Location: Marine Room, La Jolla
Time in: 11:57 am
Time under: 66 min
Max depth: 42 ft
Min temp: 55F
GoPro Photos: Photos at Underpressurephoto.com
Highlights: Lots of octos, sarcastic & yellowfin fringeheads, giant bat rays in the shallows
I haven't been diving as much lately, partly because of events in my personal life (like getting married) and partly because I've been doing other outdoor things, like backpacking/hiking. But the best part is that my wife is now a certified scuba diver (thanks V!). We've been focused on training dives, getting her comfortable in relatively shallow water and learning the joy of beach entries with surf. I haven't had much to report other than getting my butt handed to me in Laguna Beach back in April and then having my camera housing partially flood on the 10 minute dive after. Also, for my birthday, Carolita took me over to the Catalina dive park for my very first dive there.
Yesterday, we decided to visit the canyon in La Jolla. Rather than brave the La Jolla Shores parking lot, we went to the Marine Room and scored good parking close to the restaurant. Waves were tiny and there was just a little bit of surface chop. On the surface swim out, there was a slight current pushing north, but by half way out it ceased. We dropped down into 15 feet of water, but fortunately at the point that it starts to slope down from there. We hit the thermocline at about 30 feet and the mini wall at ~40 ft and turned south.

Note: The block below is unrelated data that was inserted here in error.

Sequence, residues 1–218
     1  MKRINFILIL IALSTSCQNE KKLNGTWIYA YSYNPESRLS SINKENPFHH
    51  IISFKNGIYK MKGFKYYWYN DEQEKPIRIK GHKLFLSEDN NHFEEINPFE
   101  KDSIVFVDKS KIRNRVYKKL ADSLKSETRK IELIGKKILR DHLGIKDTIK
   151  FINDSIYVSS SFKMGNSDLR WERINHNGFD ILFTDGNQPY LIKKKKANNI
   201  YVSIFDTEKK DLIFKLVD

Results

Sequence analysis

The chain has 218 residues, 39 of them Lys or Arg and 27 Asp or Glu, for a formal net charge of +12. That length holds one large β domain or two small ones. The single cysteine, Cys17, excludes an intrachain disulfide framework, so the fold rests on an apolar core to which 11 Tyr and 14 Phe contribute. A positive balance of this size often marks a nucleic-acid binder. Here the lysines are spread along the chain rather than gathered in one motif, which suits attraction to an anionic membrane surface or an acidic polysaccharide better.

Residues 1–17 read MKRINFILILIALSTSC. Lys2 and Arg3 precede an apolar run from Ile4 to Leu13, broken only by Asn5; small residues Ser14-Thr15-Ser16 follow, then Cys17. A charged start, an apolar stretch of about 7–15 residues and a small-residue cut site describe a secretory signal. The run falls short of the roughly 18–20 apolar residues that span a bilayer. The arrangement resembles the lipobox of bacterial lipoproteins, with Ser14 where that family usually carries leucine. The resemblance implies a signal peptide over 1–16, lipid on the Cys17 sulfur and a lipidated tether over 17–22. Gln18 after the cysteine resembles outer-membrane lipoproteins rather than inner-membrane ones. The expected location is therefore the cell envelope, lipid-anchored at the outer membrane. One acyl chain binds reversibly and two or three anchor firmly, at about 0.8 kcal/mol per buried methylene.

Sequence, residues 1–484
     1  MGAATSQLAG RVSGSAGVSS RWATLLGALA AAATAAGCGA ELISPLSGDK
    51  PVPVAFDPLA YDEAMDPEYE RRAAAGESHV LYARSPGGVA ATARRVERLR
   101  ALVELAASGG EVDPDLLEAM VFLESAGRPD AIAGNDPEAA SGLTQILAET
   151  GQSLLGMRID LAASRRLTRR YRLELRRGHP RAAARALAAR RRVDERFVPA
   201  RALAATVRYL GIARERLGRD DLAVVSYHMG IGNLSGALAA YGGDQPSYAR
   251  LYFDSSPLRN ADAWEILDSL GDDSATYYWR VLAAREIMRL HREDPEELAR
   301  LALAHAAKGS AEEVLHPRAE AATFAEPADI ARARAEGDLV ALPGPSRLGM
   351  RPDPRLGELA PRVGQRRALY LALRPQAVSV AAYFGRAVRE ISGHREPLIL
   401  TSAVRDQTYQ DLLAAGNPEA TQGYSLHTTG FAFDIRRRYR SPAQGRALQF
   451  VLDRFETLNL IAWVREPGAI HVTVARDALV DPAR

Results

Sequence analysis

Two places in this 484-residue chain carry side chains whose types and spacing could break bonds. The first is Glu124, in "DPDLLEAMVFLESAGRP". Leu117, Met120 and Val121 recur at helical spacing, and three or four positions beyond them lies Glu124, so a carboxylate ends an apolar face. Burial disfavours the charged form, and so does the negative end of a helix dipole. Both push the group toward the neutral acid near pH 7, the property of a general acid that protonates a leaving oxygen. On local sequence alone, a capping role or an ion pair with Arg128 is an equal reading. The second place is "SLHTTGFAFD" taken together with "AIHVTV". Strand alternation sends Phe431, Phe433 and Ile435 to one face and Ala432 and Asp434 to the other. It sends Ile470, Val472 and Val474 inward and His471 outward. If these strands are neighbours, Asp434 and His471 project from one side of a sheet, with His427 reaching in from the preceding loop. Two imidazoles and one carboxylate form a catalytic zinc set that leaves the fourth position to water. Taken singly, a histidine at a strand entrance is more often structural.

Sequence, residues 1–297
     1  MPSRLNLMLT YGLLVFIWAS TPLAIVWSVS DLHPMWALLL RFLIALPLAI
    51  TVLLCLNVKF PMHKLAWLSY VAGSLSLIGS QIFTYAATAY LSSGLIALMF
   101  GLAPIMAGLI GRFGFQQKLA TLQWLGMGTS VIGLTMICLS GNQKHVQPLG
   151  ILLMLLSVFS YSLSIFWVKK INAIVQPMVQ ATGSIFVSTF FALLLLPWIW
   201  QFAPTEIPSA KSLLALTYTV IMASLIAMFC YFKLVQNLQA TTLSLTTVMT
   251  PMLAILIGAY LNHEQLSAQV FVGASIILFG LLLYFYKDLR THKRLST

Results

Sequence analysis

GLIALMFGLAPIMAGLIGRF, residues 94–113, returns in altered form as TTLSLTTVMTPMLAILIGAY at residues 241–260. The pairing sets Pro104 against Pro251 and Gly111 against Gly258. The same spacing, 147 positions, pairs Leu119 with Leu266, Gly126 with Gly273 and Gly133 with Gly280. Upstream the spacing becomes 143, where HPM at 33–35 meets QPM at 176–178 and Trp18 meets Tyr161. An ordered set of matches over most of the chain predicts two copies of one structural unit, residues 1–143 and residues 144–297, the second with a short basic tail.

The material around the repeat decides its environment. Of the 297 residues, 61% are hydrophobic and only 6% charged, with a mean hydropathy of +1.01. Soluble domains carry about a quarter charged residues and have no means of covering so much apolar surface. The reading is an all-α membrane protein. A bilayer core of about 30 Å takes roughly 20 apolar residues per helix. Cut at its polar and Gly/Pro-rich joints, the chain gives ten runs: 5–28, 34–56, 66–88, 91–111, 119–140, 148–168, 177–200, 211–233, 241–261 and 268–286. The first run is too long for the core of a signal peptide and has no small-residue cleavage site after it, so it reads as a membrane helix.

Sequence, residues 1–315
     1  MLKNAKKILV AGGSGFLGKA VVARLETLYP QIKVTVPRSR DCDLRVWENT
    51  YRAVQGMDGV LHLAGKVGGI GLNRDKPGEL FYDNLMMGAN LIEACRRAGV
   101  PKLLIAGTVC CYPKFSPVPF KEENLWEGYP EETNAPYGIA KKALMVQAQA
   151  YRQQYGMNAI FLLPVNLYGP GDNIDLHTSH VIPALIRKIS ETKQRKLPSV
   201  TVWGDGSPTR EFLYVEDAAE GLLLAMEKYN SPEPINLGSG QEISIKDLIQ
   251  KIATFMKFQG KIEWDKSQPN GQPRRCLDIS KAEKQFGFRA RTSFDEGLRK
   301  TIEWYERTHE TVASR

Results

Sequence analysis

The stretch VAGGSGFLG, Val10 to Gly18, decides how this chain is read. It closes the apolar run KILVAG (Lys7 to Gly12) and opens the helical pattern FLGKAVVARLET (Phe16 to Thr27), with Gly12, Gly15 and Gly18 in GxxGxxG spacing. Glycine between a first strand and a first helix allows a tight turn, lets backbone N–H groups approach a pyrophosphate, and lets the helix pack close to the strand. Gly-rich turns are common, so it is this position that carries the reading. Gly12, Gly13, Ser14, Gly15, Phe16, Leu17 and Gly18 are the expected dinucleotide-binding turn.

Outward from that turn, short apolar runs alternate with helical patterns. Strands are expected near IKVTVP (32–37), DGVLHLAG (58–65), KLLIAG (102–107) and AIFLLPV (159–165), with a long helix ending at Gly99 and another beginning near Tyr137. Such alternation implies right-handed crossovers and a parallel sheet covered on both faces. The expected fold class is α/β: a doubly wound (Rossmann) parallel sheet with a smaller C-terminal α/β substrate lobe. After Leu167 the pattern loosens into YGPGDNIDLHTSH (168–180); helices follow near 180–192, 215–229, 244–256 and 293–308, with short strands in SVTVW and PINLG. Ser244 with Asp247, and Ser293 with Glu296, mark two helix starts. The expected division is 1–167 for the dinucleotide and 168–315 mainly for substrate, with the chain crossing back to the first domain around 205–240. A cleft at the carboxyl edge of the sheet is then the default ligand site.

Carolita got to see her very first octopi on a dive. And not just one, but about 4 of them. She also got to see her first sarcastic fringeheads (that I've talked so much about), the smaller yellowfin fringeheads, and a pipefish. She was fascinated by the wart-neck piddock siphons. We didn't see any of the normal nudis other than navanax. The wall gently sloped up to about 25 feet where it sort of disappears and a current started pulling us south. We drifted south for a little bit before turning east to head in. On the swim in, we found another small octo hiding in kelp and watched it for a little bit. Then in the shallows, we came upon giant bat rays feeding, creating giant clouds of sand and swooping off to find their next meal.
I'm still waiting for my camera housing to come back from the shop, so I'm learning how to make the most of a GoPro. Apparently they don't focus as close underwater as they do on land. :)